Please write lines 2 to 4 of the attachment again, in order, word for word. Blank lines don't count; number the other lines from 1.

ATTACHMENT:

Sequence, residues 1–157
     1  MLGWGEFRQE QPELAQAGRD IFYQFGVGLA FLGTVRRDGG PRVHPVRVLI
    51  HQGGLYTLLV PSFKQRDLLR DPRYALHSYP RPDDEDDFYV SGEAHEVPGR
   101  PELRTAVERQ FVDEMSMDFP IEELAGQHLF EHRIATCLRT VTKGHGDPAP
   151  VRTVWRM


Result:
     1  MLGWGEFRQE QPELAQAGRD IFYQFGVGLA FLGTVRRDGG PRVHPVRVLI
    51  HQGGLYTLLV PSFKQRDLLR DPRYALHSYP RPDDEDDFYV SGEAHEVPGR
   101  PELRTAVERQ FVDEMSMDFP IEELAGQHLF EHRIATCLRT VTKGHGDPAP